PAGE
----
Whatever happened on that island on the 15th December, 1900, we will never know. The island, and the ocean, don’t appear to be giving up their secret anytime soon.

A poem, Flannan Isle, by Wilfrid Wilson Gibson, told from the perspective of Moore and the two colleagues he went ashore with, ends this way:

Like curs a glance has brought to heel,

We listen’d flinching there:

And look’d, and lookd, on the untouch’d meal,

And the over toppled chair

 

We seem’d to stand for an endless while,

Though still no word was said,

Three men alive on Flannan Isle,

Who thought on three men dead

 

Halloween:Three Personal, Family Ghost Stories

Two components of Halloween/Samhain celebrations, from both a pagan and a non-pagan perspective, are ancestors, and ghosts. So I thought I would combine the two in this post with three stories from my own family, two of them passed down, one of them recounted to me personally.

For any serious paranormal investigators out there, you can file them under the headings of Death Bed Visitation, Ghost Sighting, and Near Death Experience respectively. I am not claiming them to be true, supernatural experiences beyond all rational explanation, but neither am I dismissing them as anecdotal events that are grounded in purely biological and physical laws as we know them. I’m just passing them onto you as I received them. Make up your own mind on the cause. And the effect.

Death Bed Visitation

My Gran had a sister named Margaret who, being eleven years old, was three years younger than my Gran. One day, around 1924, the sister was in Queen’s Park, which is a public park in Harpurhey, Manchester. In a built up area, this was one of the few green spaces that families could visit to escape the bleak, polluted streets of the industrial, run down city suburbs of the time. While she was there, like so many others, Margaret drank water from one of the water taps. Who could have foreseen that such a casual act was to cost her her life, as in doing so she caught diptheria.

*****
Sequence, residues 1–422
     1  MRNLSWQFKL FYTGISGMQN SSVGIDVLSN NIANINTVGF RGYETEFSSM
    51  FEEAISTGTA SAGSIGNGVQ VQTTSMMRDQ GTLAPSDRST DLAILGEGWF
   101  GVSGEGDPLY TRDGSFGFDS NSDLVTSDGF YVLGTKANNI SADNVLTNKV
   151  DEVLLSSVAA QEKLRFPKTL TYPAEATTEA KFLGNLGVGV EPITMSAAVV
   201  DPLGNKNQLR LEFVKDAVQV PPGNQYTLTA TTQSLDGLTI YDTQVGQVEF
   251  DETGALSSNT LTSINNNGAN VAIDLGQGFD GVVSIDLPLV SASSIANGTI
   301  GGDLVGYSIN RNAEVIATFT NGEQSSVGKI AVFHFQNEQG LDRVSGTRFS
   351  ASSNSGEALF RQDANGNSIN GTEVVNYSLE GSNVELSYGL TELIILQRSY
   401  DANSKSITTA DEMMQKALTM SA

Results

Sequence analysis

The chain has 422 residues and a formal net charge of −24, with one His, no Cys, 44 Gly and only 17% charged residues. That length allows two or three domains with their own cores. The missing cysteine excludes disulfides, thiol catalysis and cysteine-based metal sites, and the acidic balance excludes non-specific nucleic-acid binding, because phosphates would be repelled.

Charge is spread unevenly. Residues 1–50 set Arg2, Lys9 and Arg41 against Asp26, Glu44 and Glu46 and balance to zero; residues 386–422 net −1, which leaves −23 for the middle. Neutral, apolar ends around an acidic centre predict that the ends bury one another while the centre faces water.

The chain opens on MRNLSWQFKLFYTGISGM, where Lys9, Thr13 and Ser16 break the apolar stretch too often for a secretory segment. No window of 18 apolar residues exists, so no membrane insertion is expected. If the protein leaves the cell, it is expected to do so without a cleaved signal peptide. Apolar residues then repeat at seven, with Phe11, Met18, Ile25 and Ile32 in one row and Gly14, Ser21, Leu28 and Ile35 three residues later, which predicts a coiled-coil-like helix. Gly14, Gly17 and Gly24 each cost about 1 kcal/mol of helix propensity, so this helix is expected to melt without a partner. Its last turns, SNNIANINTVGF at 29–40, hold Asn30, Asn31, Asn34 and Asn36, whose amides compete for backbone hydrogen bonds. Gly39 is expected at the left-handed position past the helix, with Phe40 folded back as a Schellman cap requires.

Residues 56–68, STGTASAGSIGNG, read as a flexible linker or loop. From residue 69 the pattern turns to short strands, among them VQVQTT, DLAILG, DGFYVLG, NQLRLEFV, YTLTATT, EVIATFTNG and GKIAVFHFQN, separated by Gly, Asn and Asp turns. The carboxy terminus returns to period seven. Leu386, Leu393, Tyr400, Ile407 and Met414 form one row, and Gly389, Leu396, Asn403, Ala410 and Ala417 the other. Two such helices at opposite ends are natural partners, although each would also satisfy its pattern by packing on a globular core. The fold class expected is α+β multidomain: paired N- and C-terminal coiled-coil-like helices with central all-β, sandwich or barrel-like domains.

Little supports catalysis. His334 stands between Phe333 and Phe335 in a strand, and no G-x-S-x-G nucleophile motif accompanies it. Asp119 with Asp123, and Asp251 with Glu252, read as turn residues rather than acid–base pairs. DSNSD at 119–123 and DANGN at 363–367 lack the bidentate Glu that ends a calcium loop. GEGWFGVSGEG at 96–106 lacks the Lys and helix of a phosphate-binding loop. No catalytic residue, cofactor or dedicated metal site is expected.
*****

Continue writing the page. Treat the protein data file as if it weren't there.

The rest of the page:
She soon became very ill, and her family gathered around her bed as her condition worsened. In those days it seemed that so many people died at home, as opposed to the modern custom of removing the act of death to hospices and hospitals. As she became weaker, and her end drew near, she suddenly reached out, her arms spread before her, and exclaimed “I’m coming, Mama!” looking into the empty air above her bed. With those final words, Margaret died.

On the day of her funeral, in the manner of how so often life’s occurrences can be perverse, a letter arrived informing everybody that poor Margaret had passed her eleven plus at school. While other young scholars throughout the country were being congratulated on their achievements, Margaret was buried in the same grave as her parents.

Ghost Sighting

One day, sometime after 1927, my teenage great aunt came flying recklessly down the stairs of her home, in such a speed as to risk life and limb. Her stepfather, (who had married her mother, now deceased, after her real father was killed in the First World War), was sat at a table downstairs and startled by the girl’s sudden, breakneck flight.